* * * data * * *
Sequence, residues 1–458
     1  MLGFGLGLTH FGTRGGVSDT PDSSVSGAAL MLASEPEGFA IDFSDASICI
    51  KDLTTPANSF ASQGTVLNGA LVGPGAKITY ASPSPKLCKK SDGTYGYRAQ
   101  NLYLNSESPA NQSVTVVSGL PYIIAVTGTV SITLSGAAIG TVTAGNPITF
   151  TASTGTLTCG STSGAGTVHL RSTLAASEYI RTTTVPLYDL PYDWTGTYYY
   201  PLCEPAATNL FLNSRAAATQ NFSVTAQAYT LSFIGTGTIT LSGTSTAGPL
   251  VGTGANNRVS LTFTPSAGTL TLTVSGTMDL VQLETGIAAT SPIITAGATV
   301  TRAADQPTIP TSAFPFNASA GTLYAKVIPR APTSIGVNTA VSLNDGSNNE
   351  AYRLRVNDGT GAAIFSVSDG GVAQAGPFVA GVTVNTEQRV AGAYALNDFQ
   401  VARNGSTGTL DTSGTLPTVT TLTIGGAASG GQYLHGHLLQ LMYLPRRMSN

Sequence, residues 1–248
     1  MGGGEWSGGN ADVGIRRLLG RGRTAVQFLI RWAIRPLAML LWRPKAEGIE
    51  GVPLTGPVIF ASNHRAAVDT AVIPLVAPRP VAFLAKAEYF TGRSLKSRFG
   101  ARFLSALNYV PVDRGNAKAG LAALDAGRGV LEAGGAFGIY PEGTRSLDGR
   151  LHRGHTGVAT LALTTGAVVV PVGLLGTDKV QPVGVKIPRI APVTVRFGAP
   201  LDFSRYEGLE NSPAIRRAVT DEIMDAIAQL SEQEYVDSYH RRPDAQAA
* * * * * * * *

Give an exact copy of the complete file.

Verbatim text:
Sequence, residues 1–458
     1  MLGFGLGLTH FGTRGGVSDT PDSSVSGAAL MLASEPEGFA IDFSDASICI
    51  KDLTTPANSF ASQGTVLNGA LVGPGAKITY ASPSPKLCKK SDGTYGYRAQ
   101  NLYLNSESPA NQSVTVVSGL PYIIAVTGTV SITLSGAAIG TVTAGNPITF
   151  TASTGTLTCG STSGAGTVHL RSTLAASEYI RTTTVPLYDL PYDWTGTYYY
   201  PLCEPAATNL FLNSRAAATQ NFSVTAQAYT LSFIGTGTIT LSGTSTAGPL
   251  VGTGANNRVS LTFTPSAGTL TLTVSGTMDL VQLETGIAAT SPIITAGATV
   301  TRAADQPTIP TSAFPFNASA GTLYAKVIPR APTSIGVNTA VSLNDGSNNE
   351  AYRLRVNDGT GAAIFSVSDG GVAQAGPFVA GVTVNTEQRV AGAYALNDFQ
   401  VARNGSTGTL DTSGTLPTVT TLTIGGAASG GQYLHGHLLQ LMYLPRRMSN

Sequence, residues 1–248
     1  MGGGEWSGGN ADVGIRRLLG RGRTAVQFLI RWAIRPLAML LWRPKAEGIE
    51  GVPLTGPVIF ASNHRAAVDT AVIPLVAPRP VAFLAKAEYF TGRSLKSRFG
   101  ARFLSALNYV PVDRGNAKAG LAALDAGRGV LEAGGAFGIY PEGTRSLDGR
   151  LHRGHTGVAT LALTTGAVVV PVGLLGTDKV QPVGVKIPRI APVTVRFGAP
   201  LDFSRYEGLE NSPAIRRAVT DEIMDAIAQL SEQEYVDSYH RRPDAQAA